How to get your child involved in gardening



In Family Matters, Gardening, House Stuff, Parenting | |

With technology often getting in the way, it’s important that children still appreciate the outdoors. And you don’t have to go far! As the lighter nights come in, spend time after school in the back garden or down at a local allotment and have fun whilst educating your children. Read on as we find out more:

New skills to learn

If your child is in their early stages of development, spending time in the garden can develop their skillset.

Your child can have fun whilst improving their sensory and cognitive development. There is an abundance of research behind the advantages of messy play and how this unstructured form of activity can really help your child develop. This can be done in the garden with bags of topsoil, sand, water or even mud! It’s all about breaking down the usual rules that your child might face, such as being restricted to a play mat or not being too disruptive with toys. Encourage your child to draw shapes with different (child-friendly) tools and their fingers in various materials — this can help children to build up their finger and arm muscles, which is useful for when they come to hold a pen.

There’s a whole new world of textures for your child to discover outdoors too. They become used to handling solid objects, such as toys, and these are easy for children to learn because they don’t change shape. For example, letting your child come into contact with mud, a softer material, lets children broaden their knowledge and allows them to compare and understand new textures.

Homework outdoors

Encourage your child to spend time outdoors, even if it is when they do their homework. Your child might have spent all day behind a desk at school doing their work and it’s nice to have a break from this when they come home. Make it easy for your child to work outdoors by purchasing a gazebo or having a table and chairs outdoors where homework can be done. 85% of teachers reported that they saw a positive impact on their pupils’ behaviour when they were taught outside. In addition to this, 92% of pupils said that they preferred their lessons to be outdoors.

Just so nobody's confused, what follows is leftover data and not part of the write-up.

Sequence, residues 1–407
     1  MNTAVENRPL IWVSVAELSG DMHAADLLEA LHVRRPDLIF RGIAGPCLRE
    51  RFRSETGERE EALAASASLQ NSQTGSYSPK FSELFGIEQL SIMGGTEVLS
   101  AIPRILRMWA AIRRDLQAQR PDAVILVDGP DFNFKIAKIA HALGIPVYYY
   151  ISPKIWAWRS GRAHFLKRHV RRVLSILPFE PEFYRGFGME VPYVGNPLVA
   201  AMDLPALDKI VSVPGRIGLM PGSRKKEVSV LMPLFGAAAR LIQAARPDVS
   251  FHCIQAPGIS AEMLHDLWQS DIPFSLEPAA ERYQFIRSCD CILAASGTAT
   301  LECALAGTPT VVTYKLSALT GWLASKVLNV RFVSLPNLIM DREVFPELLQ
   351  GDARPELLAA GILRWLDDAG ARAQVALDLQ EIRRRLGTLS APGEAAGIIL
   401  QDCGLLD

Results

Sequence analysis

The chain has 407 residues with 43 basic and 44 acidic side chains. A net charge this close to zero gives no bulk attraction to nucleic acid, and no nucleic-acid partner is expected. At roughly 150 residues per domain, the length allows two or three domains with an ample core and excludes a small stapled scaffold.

Research has supported the idea that children who learn outdoors are more aware of their responsibility for the environment than those who learn indoors.

Introducing a new diet

Studies have found that children enjoy eating the food that they grow. This can be a great way to improve their diet and get them outdoors.

Choose easy plants to grow to maximise their involvement. These include strawberries, cabbage, radishes and potatoes. You can decide on the size of your patch and watch as your child runs outside to see what has grown that week.

Give your little helpers something to do

It’s the same indoors — children generally enjoy feeling like they are helping out. Give them some tasks to do daily, or even weekly, and it’s likely that they’ll start to look forward to spending time in the garden.

Why not encourage your child to grow a sunflower? Each day, your child can head outdoors to see how their plant is growing and practise some maths skills through measuring. This can be exciting for a child, as often the sunflower will grow taller than them!

Let your child help out with keeping things tidy as well. Let them trim the edges of your garden, water the plants or do some de-weeding — it’s a nice way to spend time together, too.

Sources

http://www.peecworks.org/peec/peec_reports/01795CA8-001D0211.32/CYE_FactSheet3_Benefits%20of%20Gardening%20for%20Children_August%2020.pdf